This article is from the McGinnis Lochridge Oil & Gas newsletter, Producer’s Edge – Vol. 4, Issue 1. Read the full newsletter here

 In Tier 1 Resources Partners v. Delaware Basin Resources, LLC, the El Paso Court of Appeals held that a lease covering two 640-acre sections of land terminated as to one 640-section at the end of the lease’s primary term. The court held that a “separate lease clause” required the lessee to treat the two sections as if covered by two separate leases. The lease required the lessee to release all acreage at the end of the primary term, unless the acreage was dedicated to a production unit or the lessee suspended automatic termination by conducting continuous development operations. The lessee conducted operations on only one section during the primary term, because of its holding that the sections were considered to be covered by separate leases, the court held that the lease terminated as to the other section where no operations were occurring.

In or around 2014, Delaware Basin Resources, LLC (“DBR”) entered several oil and gas leases with several lessors that the Tier 1 court referred to as the “Bush Lessors.” The leases were on identical forms and covered different parcels of land. The lease subject to dispute covered two, non-contiguous 640-acre (more or less) sections of land, referred to as “Section 6” and “Section 2.” The habendum clause in paragraph 2 provided that “[u]pon lease expiration, DBR’s interest automatically terminated ‘as to all the lands and depths then covered thereby except lands and depths then designated by Lessee . . . to be within a ‘production unit’ . . . assigned to each well then producing in paying quantities on the leased premises or lands properly pooled therewith.” The court noted that DBR could suspend termination of the lease, if it timely conducted continuous development operations. However, Paragraph 11 expressly provided “each of the separately designated tracts described shall be treated for all purposes as a separate and distinct Lease.” Nothing in the lease was expressly designated a “tract.”

Prior to the end of the primary term, DBR conducted operations on Section 6, but conducted no operations on Section 2. In 2017, a time after the primary term had expired and Section 2 had not been developed, the Bush Lessors executed a new oil and gas lease, with Tier 1 Resources as lessee, covering Section 2. DBR filed suit against Bush Lessors and Tier 1 Resources, contending that its lease had not expired and the Tier 1 Resources’ lease was a cloud on DBR’s title.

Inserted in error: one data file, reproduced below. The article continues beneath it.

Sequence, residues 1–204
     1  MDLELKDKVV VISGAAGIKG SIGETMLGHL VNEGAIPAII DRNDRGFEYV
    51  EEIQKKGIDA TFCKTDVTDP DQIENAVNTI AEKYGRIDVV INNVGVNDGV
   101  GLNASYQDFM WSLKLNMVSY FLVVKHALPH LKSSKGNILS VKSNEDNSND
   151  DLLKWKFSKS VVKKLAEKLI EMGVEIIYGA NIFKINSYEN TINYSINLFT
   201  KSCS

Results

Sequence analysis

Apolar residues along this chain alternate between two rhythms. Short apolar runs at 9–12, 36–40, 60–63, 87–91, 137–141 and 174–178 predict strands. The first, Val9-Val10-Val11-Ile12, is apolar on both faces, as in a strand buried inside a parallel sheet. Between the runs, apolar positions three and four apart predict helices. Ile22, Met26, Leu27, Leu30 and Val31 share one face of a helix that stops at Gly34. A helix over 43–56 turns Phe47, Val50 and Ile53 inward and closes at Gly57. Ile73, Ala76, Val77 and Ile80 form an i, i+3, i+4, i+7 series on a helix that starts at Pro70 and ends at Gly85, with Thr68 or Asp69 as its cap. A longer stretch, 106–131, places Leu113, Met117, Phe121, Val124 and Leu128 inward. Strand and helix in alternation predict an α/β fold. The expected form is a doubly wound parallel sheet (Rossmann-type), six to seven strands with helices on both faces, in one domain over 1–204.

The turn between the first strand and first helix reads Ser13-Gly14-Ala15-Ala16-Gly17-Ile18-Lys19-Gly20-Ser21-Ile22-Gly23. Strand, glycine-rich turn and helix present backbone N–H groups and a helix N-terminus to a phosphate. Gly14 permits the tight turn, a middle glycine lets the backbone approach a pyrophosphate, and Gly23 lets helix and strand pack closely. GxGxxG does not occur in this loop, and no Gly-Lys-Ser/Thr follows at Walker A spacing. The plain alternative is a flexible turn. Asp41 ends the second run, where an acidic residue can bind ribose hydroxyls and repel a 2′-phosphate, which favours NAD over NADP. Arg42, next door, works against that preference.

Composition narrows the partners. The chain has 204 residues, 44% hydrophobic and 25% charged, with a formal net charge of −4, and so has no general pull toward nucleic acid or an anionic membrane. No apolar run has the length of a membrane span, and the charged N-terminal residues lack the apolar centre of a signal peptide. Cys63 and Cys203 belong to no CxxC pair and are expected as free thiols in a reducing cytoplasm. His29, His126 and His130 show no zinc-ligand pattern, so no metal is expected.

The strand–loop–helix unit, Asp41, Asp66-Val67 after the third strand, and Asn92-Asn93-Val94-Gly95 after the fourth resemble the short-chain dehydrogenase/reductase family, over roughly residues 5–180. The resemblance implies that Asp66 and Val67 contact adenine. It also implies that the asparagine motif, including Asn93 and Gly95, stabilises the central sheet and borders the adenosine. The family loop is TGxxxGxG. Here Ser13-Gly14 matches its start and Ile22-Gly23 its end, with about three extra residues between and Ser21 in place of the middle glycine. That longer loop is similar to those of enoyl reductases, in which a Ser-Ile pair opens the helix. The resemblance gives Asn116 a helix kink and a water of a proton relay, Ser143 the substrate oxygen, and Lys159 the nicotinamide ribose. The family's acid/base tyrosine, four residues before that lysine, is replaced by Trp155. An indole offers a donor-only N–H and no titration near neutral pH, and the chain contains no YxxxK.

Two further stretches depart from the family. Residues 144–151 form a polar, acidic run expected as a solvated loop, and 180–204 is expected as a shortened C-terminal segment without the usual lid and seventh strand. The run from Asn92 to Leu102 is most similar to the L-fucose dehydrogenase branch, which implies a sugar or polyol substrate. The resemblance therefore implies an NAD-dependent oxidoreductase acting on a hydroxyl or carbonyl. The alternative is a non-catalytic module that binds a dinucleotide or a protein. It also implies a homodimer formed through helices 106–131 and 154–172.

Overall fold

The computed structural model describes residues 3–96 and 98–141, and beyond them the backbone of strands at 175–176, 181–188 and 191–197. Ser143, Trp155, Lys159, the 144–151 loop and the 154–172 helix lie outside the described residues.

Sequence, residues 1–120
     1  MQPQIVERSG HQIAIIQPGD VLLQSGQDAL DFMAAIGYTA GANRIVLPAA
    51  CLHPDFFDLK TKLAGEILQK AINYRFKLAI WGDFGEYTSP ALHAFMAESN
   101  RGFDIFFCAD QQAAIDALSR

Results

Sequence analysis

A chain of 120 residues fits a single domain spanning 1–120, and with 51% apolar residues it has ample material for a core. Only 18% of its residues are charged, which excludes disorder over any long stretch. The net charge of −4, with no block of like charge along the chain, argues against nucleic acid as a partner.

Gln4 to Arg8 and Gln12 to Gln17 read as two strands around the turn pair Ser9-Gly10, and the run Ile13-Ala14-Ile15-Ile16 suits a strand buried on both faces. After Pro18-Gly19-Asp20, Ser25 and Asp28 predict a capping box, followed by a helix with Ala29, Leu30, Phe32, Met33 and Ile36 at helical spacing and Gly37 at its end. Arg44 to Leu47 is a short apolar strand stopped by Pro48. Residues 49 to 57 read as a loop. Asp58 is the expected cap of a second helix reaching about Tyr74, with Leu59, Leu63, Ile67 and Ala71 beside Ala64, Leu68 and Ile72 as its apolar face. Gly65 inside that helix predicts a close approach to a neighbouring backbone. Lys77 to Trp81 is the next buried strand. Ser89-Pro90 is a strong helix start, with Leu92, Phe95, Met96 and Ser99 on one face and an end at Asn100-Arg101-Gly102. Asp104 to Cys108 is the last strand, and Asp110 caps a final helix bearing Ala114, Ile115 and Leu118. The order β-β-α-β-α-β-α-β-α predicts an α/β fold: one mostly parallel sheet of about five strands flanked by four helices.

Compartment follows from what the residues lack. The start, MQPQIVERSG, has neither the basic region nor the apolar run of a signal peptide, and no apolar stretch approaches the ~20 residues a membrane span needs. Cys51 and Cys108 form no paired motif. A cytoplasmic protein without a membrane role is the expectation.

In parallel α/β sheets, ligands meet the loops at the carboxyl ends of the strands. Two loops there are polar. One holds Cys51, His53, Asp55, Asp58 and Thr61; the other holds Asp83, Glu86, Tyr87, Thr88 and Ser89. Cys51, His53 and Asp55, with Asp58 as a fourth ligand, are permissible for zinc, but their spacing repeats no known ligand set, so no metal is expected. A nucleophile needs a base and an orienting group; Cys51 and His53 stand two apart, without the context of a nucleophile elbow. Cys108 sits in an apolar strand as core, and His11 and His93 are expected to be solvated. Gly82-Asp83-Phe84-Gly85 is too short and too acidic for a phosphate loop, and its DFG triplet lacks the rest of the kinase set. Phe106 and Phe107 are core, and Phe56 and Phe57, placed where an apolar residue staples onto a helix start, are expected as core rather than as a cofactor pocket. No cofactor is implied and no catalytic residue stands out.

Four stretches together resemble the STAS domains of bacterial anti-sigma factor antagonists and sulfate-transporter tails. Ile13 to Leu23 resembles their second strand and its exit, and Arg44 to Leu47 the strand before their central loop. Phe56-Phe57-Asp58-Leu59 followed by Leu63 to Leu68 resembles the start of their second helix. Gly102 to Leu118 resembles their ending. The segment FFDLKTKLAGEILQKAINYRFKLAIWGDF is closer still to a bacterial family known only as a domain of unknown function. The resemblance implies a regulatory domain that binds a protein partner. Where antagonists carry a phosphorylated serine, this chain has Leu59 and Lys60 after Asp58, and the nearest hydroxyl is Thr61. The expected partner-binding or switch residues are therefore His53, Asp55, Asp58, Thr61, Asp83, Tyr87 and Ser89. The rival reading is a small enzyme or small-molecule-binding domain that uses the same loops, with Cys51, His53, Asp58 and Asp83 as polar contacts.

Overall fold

Although there were several issues in dispute, the court and the parties agreed that the central issue was whether DBR’s lease had terminated as to Section 2 at the end of the primary term. The court held that Section 2 was “a clear, precise, and unequivocal special limitation that automatically terminates the lease if no operations are conducted on the covered land during the primary term.” DBR did not dispute this conclusion, but did dispute whether the lease should be interpreted as one lease covering two sections, so that operations on Section 6 would not perpetuate the lease as to Section 2.

After construing Paragraph 2, the court commented that the “dispute centers around the first sentence of Paragraph 11,” which provides “Notwithstanding any other provisions in this 1 633 S.W.3d 730 (El Paso 2021, pet. filed). Lease or any wording contained herein . . . each of the separately designated tracts described shall be treated for all purposes as a separate and distinct Lease.” The court explained that it was required to construe this sentence as directed by the Texas Supreme Court, such as harmonizing it with the rest of the lease in a manner which give it effect and applying the language’s plain meaning.

Ultimately, the court concluded that Paragraph 11 required the lease provisions to be applied separately to Section 2 and Section 6. Although the term “tract” was not defined in the lease, the court applied the plain meaning of that term and concluded that it must refer to the two separate sections. When the lease terms were separately applied to Section 2, where DBR conducted no operations during the primary term, the court held that the lease terminates as to that Section.


Chris Halgren represents clients in a wide variety of business disputes in the oil and gas industry, secured lending, and various other commercial disputes.

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